STL Science Center

STL Science Center

14 November 2012

A Lot of Bones And A Small Dinosaur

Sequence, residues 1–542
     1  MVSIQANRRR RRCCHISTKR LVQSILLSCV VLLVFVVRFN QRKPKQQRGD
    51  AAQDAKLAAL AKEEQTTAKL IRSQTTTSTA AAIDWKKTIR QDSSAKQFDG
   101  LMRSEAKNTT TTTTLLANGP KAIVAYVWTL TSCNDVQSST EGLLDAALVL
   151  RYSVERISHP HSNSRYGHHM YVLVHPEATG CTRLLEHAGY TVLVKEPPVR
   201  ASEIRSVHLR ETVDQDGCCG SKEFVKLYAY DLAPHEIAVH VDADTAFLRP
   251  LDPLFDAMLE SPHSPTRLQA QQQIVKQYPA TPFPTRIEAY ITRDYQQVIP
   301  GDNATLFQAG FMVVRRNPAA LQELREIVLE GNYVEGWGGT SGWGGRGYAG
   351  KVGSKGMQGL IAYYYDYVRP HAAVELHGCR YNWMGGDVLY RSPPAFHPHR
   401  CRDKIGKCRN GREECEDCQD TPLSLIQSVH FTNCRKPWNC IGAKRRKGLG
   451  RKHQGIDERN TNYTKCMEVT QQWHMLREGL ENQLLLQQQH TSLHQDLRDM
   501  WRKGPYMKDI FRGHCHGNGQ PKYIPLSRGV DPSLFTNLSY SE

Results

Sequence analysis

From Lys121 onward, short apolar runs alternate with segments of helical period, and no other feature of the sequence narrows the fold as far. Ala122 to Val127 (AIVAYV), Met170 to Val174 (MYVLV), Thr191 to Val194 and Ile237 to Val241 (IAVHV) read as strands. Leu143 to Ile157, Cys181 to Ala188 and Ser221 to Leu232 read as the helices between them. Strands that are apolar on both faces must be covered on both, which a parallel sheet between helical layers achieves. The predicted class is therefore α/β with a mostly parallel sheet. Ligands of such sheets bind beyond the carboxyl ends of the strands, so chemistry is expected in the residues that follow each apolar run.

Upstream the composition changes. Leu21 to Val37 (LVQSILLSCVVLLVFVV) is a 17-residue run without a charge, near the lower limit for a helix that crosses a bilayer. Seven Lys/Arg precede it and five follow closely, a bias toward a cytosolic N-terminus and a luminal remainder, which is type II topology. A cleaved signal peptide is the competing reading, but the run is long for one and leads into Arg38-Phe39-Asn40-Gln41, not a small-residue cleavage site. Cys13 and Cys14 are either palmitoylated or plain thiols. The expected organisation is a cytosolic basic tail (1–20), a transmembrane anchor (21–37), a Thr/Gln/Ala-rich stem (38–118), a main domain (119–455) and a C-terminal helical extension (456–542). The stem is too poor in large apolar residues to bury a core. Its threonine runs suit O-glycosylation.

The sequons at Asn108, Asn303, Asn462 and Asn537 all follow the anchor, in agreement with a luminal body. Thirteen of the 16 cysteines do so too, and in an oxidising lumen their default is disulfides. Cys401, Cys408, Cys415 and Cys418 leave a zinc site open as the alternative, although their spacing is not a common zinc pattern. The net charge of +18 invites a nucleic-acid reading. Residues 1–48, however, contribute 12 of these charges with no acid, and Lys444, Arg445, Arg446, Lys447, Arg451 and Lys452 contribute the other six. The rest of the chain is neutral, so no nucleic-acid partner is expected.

Despite lacking almost half (47%) of its characters, Microvenator's type specimen is composed of a large number of bones from all over the body of the animal. Many of these bones are fragmentary or are small parts of larger skeletal apparatuses (such as metacarpals or single disarticulated vertebrae) and thus do not provide much of the greater picture or the defining characters of the animal. The jaw, as discussed, is such an incomplete sliver of the animal that it has been interpreted multiple ways; chiefly as either overtly Oviraptoran or completely Maniraptoran in appearance. To add confusion, initially, to the problematic shape of the lone skull fragment, Barnum Brown included what were later discovered to be Deinonychus teeth as examples of Microvenator teeth. We of course know that this is not true now that we know they belong to Deinonychus, but it leaves us with questions about whether Microvenator had teeth, as a transitional early Maniraptoran or a toothless beak as a primitive Oviraptoran dinosaur. The hands, as opposed to the jaw fragment, are reminiscent of later Oviraptorids as well as possessing characters from earlier Caenagnathids, lending more credence to the thought that this animal is a basal ancestor of the Oviraptorids. This may in turn lead to more definitive structuring of the jaw elements, though further concrete discoveries of Microvenator skulls would be infinitely preferable in terms of accurately describing the structure of Microvenator's skull. Hopefully sometime in the future an entire Microvenator will be discovered or at least weather out and be noticed somewhere along the Cloverly where the initial discovery was made by Brown in 1933, but until that time we will have to cope with an apparent lack of material to support the existence of this rather small, and primitive, Oviraptorid/advanced Caenagnathid.

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